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'Windie' boasts impressive memorabilia collection

Photo by Hugh Osteen

Photo by Hugh Osteen

River's Edge resident, and Morrow native, Cathy Bonner, 42, never intended to be a collector. At the age of 17, she fell in love with the movie, "Gone With the Wind," after viewing it in her English class during her senior year of high school.

"We had 50-minute periods, and it took us all week to watch it," Bonner said. "It was southern, it was talking about Jonesboro, which is a sister city of Morrow, and I just fell in love with it. I just thought a lot of Scarlett [O'Hara, the main character], because she was a very independent woman for the time."

Bonner said, In 1985, for Christmas, her mother bought her two collectible plates from two different sets, featuring scenes from the iconic 1939 film, adopted from Margaret Mitchell's 1936, ante-bellum novel, "Gone With the Wind."

From there, Bonner set out to complete both sets, which started her on a collector's journey that has lasted for 25 years.

Today, she boasts an impressive collection of "Gone With the Wind" memorabilia, featuring more than 900 different items collected from road shows, conventions, auctions, and eBay sales.

The entire second floor of her home is dedicated to the massive assortment of "Gone With the Wind" rarities, which include: books, cookie jars, ornaments, lunch boxes, and teacups; collectors plates from the Bradford Exchange; music boxes from the San Francisco Music Box Company; and rare giclée prints of movie artwork by artist Joe Yakovetic.

The collection also includes: replica Fabergé, featuring scenes from the movie; character dolls produced by the Madame Alexander Doll Company; various snow globes and figurines; replica dresses; and even novelty items such as "Gone With the Wind" toilet paper, featuring various movie quotes; and a Carol Burnett doll, featuring the actress wearing the "curtain rod dress" from her famous "Gone With the Wind" comedy sketch.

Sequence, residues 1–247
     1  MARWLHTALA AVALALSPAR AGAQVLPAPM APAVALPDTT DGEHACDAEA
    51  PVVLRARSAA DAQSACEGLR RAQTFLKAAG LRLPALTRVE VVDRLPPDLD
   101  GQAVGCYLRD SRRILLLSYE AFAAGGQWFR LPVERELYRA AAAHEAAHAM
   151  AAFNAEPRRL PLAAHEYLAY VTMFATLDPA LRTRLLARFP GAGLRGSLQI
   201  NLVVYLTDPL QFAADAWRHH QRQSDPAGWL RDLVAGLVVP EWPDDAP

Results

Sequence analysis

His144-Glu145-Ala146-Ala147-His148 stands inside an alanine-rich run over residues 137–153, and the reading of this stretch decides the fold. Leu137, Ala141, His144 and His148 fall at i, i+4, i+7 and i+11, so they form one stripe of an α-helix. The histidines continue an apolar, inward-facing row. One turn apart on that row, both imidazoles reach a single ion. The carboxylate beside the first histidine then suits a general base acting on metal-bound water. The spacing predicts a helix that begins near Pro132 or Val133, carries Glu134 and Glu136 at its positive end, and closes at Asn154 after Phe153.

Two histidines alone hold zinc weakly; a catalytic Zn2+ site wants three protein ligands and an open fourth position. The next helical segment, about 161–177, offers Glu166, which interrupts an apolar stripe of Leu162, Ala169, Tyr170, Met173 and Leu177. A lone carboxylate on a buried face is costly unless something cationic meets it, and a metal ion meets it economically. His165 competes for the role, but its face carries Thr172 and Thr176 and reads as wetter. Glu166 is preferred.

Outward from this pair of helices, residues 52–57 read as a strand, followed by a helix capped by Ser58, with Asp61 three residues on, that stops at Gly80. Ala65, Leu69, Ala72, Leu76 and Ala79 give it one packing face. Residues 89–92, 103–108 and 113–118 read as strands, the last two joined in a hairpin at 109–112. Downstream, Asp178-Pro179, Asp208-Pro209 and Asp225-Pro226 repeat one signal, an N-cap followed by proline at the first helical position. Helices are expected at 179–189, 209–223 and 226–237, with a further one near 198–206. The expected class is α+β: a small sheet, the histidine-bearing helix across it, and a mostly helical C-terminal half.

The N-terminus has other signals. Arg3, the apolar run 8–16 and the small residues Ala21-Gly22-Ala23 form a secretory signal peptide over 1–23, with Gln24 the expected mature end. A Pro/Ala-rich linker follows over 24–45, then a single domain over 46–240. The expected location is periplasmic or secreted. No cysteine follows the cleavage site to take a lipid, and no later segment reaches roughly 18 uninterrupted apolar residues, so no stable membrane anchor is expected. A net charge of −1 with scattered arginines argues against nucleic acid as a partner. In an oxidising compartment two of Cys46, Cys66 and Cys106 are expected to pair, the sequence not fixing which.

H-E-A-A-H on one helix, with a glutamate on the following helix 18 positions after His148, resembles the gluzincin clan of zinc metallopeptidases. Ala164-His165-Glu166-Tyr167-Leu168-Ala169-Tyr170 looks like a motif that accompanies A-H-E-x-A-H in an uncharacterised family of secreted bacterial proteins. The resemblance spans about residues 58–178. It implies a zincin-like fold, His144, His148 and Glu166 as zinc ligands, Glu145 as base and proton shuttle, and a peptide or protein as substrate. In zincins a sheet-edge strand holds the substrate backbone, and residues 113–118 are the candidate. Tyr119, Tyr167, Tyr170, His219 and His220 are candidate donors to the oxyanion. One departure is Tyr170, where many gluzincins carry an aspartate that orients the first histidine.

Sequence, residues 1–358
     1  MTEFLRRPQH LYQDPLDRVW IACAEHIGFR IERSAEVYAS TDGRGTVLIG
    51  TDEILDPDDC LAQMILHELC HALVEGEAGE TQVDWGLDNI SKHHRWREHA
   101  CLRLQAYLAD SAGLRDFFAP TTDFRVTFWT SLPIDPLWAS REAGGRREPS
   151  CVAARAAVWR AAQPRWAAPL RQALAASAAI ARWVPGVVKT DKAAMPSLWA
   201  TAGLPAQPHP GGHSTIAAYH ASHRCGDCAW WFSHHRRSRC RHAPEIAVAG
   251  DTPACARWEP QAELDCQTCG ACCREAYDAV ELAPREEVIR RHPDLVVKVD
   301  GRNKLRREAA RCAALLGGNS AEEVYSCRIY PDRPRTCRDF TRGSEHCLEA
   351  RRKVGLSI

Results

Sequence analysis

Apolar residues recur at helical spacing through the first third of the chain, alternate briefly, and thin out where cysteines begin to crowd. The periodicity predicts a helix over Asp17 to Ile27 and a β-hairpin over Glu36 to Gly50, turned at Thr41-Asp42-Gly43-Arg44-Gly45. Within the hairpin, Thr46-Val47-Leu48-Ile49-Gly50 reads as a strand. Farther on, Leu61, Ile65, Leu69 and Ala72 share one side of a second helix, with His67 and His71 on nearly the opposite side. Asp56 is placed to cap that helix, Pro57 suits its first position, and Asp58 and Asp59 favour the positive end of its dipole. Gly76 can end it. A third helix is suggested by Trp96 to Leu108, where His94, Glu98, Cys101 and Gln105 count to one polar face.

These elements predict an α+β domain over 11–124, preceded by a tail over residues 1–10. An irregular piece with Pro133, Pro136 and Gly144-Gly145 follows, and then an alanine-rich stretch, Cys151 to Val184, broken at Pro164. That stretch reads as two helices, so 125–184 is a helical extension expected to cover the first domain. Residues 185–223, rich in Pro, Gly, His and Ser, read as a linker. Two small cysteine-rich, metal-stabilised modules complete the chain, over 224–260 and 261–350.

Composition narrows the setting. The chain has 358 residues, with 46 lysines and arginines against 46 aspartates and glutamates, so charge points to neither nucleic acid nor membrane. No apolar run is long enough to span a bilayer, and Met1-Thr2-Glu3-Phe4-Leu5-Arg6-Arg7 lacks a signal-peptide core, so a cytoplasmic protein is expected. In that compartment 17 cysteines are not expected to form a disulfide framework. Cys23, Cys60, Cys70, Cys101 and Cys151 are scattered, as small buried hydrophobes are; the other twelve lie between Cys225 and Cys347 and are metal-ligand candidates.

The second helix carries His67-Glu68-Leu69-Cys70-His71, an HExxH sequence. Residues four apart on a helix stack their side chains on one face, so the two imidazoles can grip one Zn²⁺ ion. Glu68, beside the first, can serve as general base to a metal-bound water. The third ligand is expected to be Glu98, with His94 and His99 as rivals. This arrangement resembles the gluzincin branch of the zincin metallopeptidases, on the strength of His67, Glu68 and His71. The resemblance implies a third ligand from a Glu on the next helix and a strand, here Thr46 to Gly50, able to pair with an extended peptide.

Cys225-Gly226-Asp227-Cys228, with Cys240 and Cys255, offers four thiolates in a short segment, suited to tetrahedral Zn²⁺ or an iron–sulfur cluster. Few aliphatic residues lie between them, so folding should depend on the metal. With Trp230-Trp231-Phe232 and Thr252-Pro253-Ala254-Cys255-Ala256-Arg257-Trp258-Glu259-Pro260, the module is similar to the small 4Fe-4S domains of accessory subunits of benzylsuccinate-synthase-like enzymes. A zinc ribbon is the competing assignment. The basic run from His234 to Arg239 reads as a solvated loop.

"It started with two plates ... that's literally how it started," Bonner said. "It's my personality that I have to have the full series, if I get something. It was never my mom's intention to have something like this. I guess as a collector, you are never truly satisfied."

In all, Bonner said her private collection is valued at more than $60,000, and is fully-insured.

In addition to many replica items, the collection also features rare original items, including: a piece of carpet from the Dec. 15, 1939 Atlanta premiere of "Gone Wind with Wind" at the Loew's Grand Theater; original movie programs signed by original cast members; and a May 1936, first-edition print of "Gone With the Wind," the novel considered to be the "Holy Grail" for "Windies," or "Gone With the Wind" aficionados, Bonner said.

She said part of her love for the "Gone With the Wind" franchise is that much of it is set in the Southern Crescent. The book and the movie make direct references to places that exist today in Clayton County.

Clayton also happens to be the home of the Road to Tara Museum, which is operated by the Clayton County Convention and Visitors Bureau (CCCVB). Megan Drew, director of marketing and communications for the CCCVB, said people like Bonner help keep the tradition of the novel and the movie alive.

"Whenever we are launching a new exhibit or new tour, we let people like Cathy know," Drew said. "She is one our ‘Windies.' We are very fortunate to have that fan base ... that core group that supports what we do," she said.

"The love story, it's at the heart of the movie and the novel. Even more than that, it has such a strong feminine character, who did her own thing and didn't make herself a slave to her relationship ... a lot of people can relate to that."

Herb Bridges, a Sharpsburg resident and "Gone With the Wind" historian and collector, was once considered the owner of the world's largest collection of "Gone With the Wind" items. Many of his items are on rotation at the Road to Tara Museum in Jonesboro.

Bridges, who is 80 years old, said that "Gone With the Wind" was to his generation what the "Star Wars" saga and "Harry Potter" series are to newer generations. He said younger people, like Bonner, help to keep the tradition of "Gone With the Wind" alive.

"Just reading the book inspired me about 40 years ago," Bridges said. "I grew up here and lived here all my life, and to think that this book was written by a woman from Atlanta, 70 years ago, and people are still reading it ... that is great," said Bridges.

"The movie ... it's just a fine-made film. I'm hoping the younger generation will see the movie and appreciate it more."

According to Bonner, collecting "Gone With the Wind" items was a passion of her's and her mother's until 2006, when her mother passed away, after a stroke. The same year, Bonner said, an injury at a "Gone With the Wind" convention left Bonner's foot broken in three places, and left her unable to work.

She said her original goal, as well as her mother's goal, was to open a "Gone With the Wind"-themed bed-and-breakfast inn. While funding is an inhibiting factor, Bonner hopes to, one day, reach that goal, she said.

"If I won the lottery, I would build one just like Tara, with the side kitchen and everything," Bonner said. "It is still a dream."